Climate Ride: Looking Back and Forward

Jun 5, 2013

We did it! Team Adventure Cycling conquered the California Coast during Climate Ride California, a five-day fully supported, carbon-free "green" conference on wheels. 

After meeting up in Fortuna, California, and enjoying a high-energy pre-ride dinner, the Climate Ride group rose early on the first day of the trip and rode through the redwoods. I had never seen the redwoods before, and in the context of Climate Ride — raising awareness of climate change and supporting organizations dedicated to bicycle advocacy and sustainability — encountering these leviathan trees from the seat of my bike was humbling. 

So yes, I hugged some of them.

On the second day of the trip, after a grueling uphill, we met the coast, and with it, recieved our first taste of the fabled Pacific Coast southbound tailwind which would nudge us forward for the remainder of the ride.

For the next three days, we rode along the ocean, dipping inland through farmlands and vineyards, and back out again to the coast, until we reached the city hall, 320 miles later in San Francisco. 

The California Climate Ride is more scenery-oriented than its New York to DC counterpart, and for this exact reason, I found that Climate Ride's mission really resonated on the trip. The physical challenges, the sensory stimuli, the landscape, and the people on the ride, especially, left me speechless! (And not just because I was exhausted after every day's ride!) 

"Yay Climate Ride after only one cup of coffee ..."

Some of my favorite moments were the following:

  • Receiving a physical boost uphill by the gale-force tailwind whipping off the ocean, which enabled me to continue pedaling when I was unable to clip out and about to fall over.
  • Clenching my handlebars for four miles down the most ridiculous hill ever, after a drivetrain-destroying, eight-mile uphill climb.
  • Completing my first century!
  • Spending five days riding bicycles and chatting with people at the forefront of bicycle advocacy and sustainability, who left their lives for a week to devote themselves entirely to experiencing this ride with 150 strangers. It was so great to spend a week with all these people who shared interests and passions, and introduced me to new ones.
  • Meeting some of Adventure Cycling's most enthusiastic members, who each individually raised $2,400 to support the development of the U.S. Bicycle Route System

Team Adventure Cycling pictured from left to right: 
John Crowe, Caroline Paulsen, me, Jameson Henkle

  • Hearing praise for Adventure Cycling maps, services, and resources, recieving positive feedback on our redesigned magazine and website, and riding with a few people who plan to stop by our headquarters on their cross-country tours this summer!

My not-so-proud moment? Getting grumpy at my team member, Jameson, while I was "hangry." Maybe I should carry these cards around in my panniers to hand out to my unsuspecting pre-lunch victims:

Sorry, Jameson!

While this was technically a work-related trip, my personal takeaways from this experience were huge, and I am so grateful to have been afforded the opportunity to experience a Climate Ride. To say the least, I'm refreshed, renewed, and reinspired about my work at Adventure Cycling. I felt empowered by my week of bicycle travel, and it is incredible that my job, essentially, is to help people feel this way!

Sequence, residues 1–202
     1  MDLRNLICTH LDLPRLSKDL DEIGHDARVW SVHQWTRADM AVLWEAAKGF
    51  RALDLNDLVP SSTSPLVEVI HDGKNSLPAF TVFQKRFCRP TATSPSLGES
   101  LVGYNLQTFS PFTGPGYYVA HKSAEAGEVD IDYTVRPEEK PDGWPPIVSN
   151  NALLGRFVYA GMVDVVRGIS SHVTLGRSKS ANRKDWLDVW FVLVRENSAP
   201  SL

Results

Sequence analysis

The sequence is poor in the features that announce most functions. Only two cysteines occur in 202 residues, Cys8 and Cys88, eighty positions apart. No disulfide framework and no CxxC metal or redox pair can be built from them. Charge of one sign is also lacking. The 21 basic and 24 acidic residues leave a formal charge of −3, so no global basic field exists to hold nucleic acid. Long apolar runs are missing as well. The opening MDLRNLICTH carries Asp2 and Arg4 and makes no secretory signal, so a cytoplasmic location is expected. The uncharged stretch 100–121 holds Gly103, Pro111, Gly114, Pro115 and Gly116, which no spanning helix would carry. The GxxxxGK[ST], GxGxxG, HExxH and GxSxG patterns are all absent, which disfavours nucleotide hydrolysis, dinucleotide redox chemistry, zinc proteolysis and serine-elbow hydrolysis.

Thank you for making Team Adventure Cycling's experience on Climate Ride California a success.

The New York to DC Climate Ride, taking place September 21-25 this year, winds through many major East Coast civic centers and campuses that function as nerve centers for climate change action and sustainable transportation advocacy. As such, the East Coast ride is poised to be the more action-oriented of the two Climate Rides, and generally draws a larger crowd and a very robust speaker series. Adventure Cycling Membership Director Julie Huck will be riding as Adventure Cycling Team Captain on the New York to DC ride this fall. It should be an amazing trip. I'm already jealous of Julie, and I would encourage anyone, of any riding ability, to check out the New York to DC Climate Ride and join Team Adventure Cycling and Julie, for a life-changing, inspiring adventure.

Photos 1, 3, 4, 5, and 10 by Jameson Henkle

Photos 2, 6, 7, 8, and 9 courtesy of Patrick Colleran

SUPPORT ADVENTURE CYCLING is usually written by Alex Campbell, or Amanda Lipsey in the development department of Adventure Cycling Association, but has been hacked this week by Alison Riley.

 

Comments

Colin

I really do stand with the mission of climate ride and the individuals, but how can you call it carbon-free if you have support vehicles?

June 17, 2013, 7:36 AM
Reply
Alison Riley

Colin,

Climate Ride does a carbon audit after every ride, calculating how much carbon was emitted during the ride: the riders, food origin, preparation, and consumption, support vehicles, showers, staff flights and transportation to and from the ride, and the production of Climate Ride jerseys, t-shirts, etc. and then they purchase carbon off-sets from ClearSky Climate Solutions to neutralize the ride's impact. Riders also have the option to purchase off-sets for their own transportation to and from the ride, or for the whole year. You can check out ClearSky Climate solutions (also based in Missoula, MT) at their website: http://clearskyclimatesolutions.com

Let me know if I can answer anymore questions for you.

Best,

Alison

June 17, 2013, 8:59 AM
Reply
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